The Public Protector South Africa has appointed 100 trainee investigators to help improve the speed and rigour of its investigations.
The Public Protector is an institution established to conduct investigations into complaints of improper conduct in all state affairs from members of the public.
The investigators, who have been stationed at the institution’s 20 offices countrywide, were recruited late in 2012 in a bid to strengthen the office’s investigative capacity, pending Parliament’s approval of a proposed organisational structure.
In terms of the proposed structure, the Public Protector required the number of investigation staff, which stood at 137 at the time, to be doubled in order to match the office’s workload. In the financial year ending March 2012, the office processed 26 000 cases, of which 20 000 were received during the same period. This means on average, each investigator was handling around 400 investigations at a time. Out of the 26 000 cases processed, 16 700 were concluded.
Welcoming the trainee investigators based at her Pretoria office recently, Public Protector Advocate Thuli Madonsela told the trainees that it wasn’t only her office that expected a lot from them, but the South African public also had high expectations.
“We always say we are not swift and thorough enough because we don’t have as many people as we need … Your arrival here increases our establishment by 25 percentage points,” she said, noting that the recruits took the total number of staff members, including those from corporate support, from 300 to 400. She told the group that, as members of the Public Protector team, they had an important a role to play and the effectiveness of the office depended on each member of the team.
The Public Protector said the group has a pivotal role to play in ensuring that the office successfully serves as the conscience of the state in order to help guarantee fairness and opportunity for all.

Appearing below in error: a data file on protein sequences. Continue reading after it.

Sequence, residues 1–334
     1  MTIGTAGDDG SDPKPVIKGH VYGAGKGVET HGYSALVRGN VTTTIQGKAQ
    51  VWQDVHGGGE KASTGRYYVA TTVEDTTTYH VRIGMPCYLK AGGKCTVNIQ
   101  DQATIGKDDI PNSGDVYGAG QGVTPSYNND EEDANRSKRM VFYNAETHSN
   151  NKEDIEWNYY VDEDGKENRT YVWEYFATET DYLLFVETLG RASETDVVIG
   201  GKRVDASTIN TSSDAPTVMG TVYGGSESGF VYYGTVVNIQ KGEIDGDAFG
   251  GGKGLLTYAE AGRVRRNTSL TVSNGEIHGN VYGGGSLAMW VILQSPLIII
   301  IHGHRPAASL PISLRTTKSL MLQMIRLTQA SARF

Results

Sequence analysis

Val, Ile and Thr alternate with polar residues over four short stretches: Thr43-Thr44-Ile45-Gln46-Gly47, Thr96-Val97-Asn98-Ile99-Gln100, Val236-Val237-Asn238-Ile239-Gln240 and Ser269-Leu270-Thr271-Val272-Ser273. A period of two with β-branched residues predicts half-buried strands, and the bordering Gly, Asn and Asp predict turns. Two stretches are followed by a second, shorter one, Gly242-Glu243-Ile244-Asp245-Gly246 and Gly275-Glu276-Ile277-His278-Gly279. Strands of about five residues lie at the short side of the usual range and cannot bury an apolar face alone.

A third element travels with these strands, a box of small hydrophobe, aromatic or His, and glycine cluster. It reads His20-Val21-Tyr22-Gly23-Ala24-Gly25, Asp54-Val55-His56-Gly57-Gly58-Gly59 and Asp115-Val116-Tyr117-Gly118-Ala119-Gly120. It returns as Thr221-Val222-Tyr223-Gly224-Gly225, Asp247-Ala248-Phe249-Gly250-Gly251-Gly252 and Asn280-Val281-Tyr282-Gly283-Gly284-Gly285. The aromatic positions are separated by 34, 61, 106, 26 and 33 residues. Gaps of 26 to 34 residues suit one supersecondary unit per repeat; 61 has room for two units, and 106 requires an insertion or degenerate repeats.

The Public Protector urged the group to help ensure that the Public Service is not characterised by indifference, cynicism or selfishness. “Usually, when public money has been wasted, there is anger all round but when people have been treated badly the anger is not that much. You should inspire the Public Service to treat people with a sense of ubuntu,” she appealed.
The Public Protector thanked the National Treasury for responding positively to her office’s request for funds that eventually led to the recruitment of the trainees.
One of the trainees Boitumelo Motholo, a law graduate from the University of Witwatersrand, was excited at the opportunity to learn while helping to entrench South Africa’s constitutional democracy.
“I have always wanted to work for the Public Protector and contribute to the cause of bettering the public administration. I also see this as an opportunity to develop a strong sense of work ethic,” she said.
The trainees will be assigned their own cases under close supervision, working alongside experienced investigators, whose duties include, among other things, showing the beginners the ropes.
*Oupa Segalwe works for Public Protector.